for their Master's degrees. After last semester, this semester, and
one more practicum this summer, I will have 88 graduate credit hours.
Someone who got a 30 hour Master's degree in anything, and got 58 more
credits in anything, is getting paid more than I am, while I languish at
the Master's level on the salary schedule. They move ahead, because
they chose a less rigorous program of study. I get penalized
financially for choosing to serve the students who need the most help. This is
what I was thinking about, while I was sitting in class, listening to
the same literacy instruction I heard a few years ago, but hey, the state
says I need the hours.

After that class, I walked through the frigid night to my car,
and drove home. I entered the house, took off my coat and shoes, and went
to the bedroom. There, in her crib, my baby was sleeping.

I attended a class that the state says I have to have, so I can have an
endorsement that I don't even want, for a job that doesn't reward me
equally with my peers. I have to suffer the indignity of being
paid less for a job that is the most difficult to staff, AND I have
to get more education on top of it, for nothing. Nothing! I don't get
paid, I don't get any more knowledge.

Worst of all, I didn't get to talk to my baby today. Not once.
Not one word. I touched her hair when I left the house, and I just
touched her hair when I came home. I got to look at her, like a precious,
fragile object in a museum. I got to wonder what she learned today,
what she discovered, what new things she can do. I got to wonder these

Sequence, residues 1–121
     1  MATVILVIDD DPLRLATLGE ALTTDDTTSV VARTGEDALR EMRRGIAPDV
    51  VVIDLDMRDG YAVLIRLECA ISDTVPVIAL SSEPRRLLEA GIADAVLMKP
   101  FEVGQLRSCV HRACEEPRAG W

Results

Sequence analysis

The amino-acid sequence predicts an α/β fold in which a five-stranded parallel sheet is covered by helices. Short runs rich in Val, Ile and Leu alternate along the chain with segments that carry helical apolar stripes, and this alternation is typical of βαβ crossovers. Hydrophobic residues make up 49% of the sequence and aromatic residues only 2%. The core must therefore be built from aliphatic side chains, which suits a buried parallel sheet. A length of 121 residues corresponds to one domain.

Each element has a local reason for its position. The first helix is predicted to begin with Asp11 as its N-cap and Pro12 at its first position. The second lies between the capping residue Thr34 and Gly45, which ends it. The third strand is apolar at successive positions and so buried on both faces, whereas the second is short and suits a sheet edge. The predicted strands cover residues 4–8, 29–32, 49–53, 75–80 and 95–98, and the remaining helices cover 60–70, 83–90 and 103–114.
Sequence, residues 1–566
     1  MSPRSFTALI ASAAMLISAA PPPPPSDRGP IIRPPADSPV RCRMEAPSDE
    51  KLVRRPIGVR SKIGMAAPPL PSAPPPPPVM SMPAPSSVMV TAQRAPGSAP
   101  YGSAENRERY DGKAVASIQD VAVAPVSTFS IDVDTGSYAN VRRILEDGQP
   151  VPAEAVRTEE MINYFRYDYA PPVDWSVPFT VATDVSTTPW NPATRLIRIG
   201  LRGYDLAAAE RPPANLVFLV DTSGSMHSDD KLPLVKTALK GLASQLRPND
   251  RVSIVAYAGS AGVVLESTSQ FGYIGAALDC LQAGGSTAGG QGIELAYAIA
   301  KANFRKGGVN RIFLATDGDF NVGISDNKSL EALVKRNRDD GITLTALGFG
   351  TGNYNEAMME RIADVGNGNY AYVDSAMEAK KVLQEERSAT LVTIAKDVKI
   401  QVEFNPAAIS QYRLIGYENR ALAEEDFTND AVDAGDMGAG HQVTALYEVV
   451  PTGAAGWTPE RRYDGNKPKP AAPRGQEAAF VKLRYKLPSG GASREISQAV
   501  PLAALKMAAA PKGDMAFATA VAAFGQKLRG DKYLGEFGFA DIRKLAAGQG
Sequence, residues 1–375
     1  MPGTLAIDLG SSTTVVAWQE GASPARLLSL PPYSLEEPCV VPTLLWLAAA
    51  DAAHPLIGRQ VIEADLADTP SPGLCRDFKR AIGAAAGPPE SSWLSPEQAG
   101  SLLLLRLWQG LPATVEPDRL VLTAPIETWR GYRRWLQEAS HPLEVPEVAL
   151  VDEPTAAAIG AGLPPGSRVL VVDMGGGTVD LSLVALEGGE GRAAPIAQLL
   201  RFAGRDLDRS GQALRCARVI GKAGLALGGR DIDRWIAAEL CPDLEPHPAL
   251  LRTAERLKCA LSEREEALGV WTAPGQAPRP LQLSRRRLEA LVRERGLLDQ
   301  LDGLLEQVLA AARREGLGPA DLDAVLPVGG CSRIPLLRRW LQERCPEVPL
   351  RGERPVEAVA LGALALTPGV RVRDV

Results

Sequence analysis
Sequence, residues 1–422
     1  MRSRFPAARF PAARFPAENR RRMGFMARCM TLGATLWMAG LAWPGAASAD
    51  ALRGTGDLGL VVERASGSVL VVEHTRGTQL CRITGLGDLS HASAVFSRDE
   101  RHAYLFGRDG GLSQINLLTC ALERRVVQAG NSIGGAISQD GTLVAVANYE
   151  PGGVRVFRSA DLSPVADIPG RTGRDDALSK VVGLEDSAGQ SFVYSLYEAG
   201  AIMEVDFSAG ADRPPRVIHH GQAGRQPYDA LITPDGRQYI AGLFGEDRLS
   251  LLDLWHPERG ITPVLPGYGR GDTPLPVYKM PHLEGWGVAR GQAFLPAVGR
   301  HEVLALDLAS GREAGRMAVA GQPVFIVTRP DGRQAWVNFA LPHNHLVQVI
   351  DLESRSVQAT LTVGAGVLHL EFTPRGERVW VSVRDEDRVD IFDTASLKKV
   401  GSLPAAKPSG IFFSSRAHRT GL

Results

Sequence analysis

things, not see them.

I want these tears to stop rolling down my face. I want to be
able to withstand this torture for one more day, but frankly, I don't
know if it is possible. Day-to-day, I don't know if I can take it anymore.
I just keep getting up in the morning, somehow.

I want to get paid what I deserve. I realized at the beginning
of this year, when we got no pay raise (while others did get hefty
ones), that it would be up to me to make more money for my family, by
finding extra jobs, doing extra things. Taking this class is throwing money
away, not making it. I do not get compensated for it in any way. Every
day, it makes me more and more disgusted. I feel devalued, every single

I want you to really think about what I'm saying. I want you to
listen to the desperation in my voice. I want you to realize that I am
the only person "supporting" my family financially, at it is a stretch,
because I have to put money out for classes, still! I want you to
understand that I am not asking for a reply that says, "We in the administration
understand that you work very hard, and we appreciate your
efforts." I want a reply that tells me you have thought long and hard about
the implications for my family, because of my absence in order to
serve the children of others' families.

I want many things that I know I will not receive. I will not
receive more pay, because there is no more money left in the budget. I
will not be able to dry my tears, because I still have 12 weeks left of
the class I'm taking: 12 more Wednesdays of coming home to my precious
baby, asleep in her crib, not having seen her mama once that day. Not

I want today back!